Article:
As I write these words just before the Thanksgiving holiday, the weather has finally turned cold (or at least nippy) and we’ve had a few gray days after weeks and weeks of beautiful though unseasonably warm, sunny weather. The landscape has grown barren and windswept, the empty fields now await the first snows. As many of you know, I like the gray days. I like the barren landscape. For me, these late autumn days in New England offer an invitation. It’s an invitation to look inward, to reflect, to ponder. It’s an invitation to find solitude, to be quiet and still.
There’s an invitation here. It’s an invitation to let our inner landscape become barren for a time—no rushing, no activity, no lights, no stress. It’s an invitation to burrow down into the cold, brown earth and let the nurturing darkness heal whatever hurts the long year has given us.
How might you respond to this invitation? If you’re not sure, I’ve discovered a wonderful prompt for inner reflection at this time of year. A small group met in November to plan our bi-annual Mental Health Ministry summit, which will take place on December 12th from 9:00 to noon at UUS:E (all are welcome, of course). We latched onto the idea of using Charles Dickens’ “A Christmas Carol” as a prompt for reflection. I trust most of you know the story, in which Ebenezer Scrooge receives visits from the ghosts of Christmas Past, Present and Future. With these visits, Scrooge has the opportunity to reflect on his life and make choices about how he wants to live the rest of it. We’ll be offering these questions for discussion at the Mental Health Ministry Summit, but I enjoy them so much I’d like to offer them to everyone: If the Ghosts of Christmas Past, Christmas Present and Christmas Future were to visit you, what would they say? And how might you resolve to live differently as a result? Whether or not one identifies with Christmas in some way (not every UU does), I hope you find this a useful exercise.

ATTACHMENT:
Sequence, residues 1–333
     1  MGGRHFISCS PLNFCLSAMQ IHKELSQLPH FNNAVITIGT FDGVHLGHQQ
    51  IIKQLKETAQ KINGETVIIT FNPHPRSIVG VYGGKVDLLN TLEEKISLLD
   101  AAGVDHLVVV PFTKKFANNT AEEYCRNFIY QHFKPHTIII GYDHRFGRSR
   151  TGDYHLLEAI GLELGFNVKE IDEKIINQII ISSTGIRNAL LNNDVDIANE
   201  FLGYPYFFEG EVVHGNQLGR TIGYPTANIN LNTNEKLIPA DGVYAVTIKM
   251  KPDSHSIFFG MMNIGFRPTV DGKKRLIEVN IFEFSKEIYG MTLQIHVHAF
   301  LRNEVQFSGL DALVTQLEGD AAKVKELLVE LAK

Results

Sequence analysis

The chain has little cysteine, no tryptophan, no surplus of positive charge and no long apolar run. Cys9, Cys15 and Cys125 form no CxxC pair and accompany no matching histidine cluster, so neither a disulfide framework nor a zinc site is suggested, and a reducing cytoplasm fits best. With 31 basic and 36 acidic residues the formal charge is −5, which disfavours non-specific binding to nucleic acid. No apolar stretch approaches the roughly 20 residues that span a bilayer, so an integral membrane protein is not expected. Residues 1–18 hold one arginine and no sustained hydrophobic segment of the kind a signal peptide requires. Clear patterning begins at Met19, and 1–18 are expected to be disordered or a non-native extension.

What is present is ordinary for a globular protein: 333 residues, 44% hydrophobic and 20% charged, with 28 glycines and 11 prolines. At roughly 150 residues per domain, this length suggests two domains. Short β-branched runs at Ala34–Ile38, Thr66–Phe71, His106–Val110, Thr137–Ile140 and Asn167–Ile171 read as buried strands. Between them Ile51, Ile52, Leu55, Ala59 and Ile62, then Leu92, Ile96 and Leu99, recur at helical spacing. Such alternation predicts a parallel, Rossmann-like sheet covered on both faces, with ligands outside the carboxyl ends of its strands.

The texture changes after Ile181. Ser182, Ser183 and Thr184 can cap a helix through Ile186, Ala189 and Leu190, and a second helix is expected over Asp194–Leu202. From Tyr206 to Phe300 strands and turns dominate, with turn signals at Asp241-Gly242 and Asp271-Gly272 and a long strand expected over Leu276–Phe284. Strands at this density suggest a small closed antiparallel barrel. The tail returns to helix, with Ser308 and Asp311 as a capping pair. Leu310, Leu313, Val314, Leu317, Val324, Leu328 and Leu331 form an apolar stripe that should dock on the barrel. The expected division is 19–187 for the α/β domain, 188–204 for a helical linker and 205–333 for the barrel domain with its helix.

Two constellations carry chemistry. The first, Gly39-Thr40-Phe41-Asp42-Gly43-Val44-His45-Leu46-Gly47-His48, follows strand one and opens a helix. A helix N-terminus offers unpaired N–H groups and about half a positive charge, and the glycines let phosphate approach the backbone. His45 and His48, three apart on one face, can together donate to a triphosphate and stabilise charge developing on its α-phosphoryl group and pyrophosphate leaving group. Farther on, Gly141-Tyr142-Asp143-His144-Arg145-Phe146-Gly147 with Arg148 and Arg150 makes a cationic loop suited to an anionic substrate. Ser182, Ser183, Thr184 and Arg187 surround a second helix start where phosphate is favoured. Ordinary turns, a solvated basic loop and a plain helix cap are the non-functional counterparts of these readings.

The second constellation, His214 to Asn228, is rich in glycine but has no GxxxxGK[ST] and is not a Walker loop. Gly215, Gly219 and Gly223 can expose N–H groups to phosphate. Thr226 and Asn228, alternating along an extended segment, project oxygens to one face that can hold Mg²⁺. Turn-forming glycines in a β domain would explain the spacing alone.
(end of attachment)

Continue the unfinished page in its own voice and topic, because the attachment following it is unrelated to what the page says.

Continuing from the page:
And even if this prompt doesn’t work for you, perhaps the landscape will. Take a moment before the holidays come blaring into your life; pause and ponder the leafless trees, the empty fields, the dry grasses, the shuttered barns, the grey skies, the dark nights. Pause and ponder: where have you been? Where are you now? Where are you going?
May this be a season of deep and meaningful reflection, before the season of cheer.
With love, Rev. Josh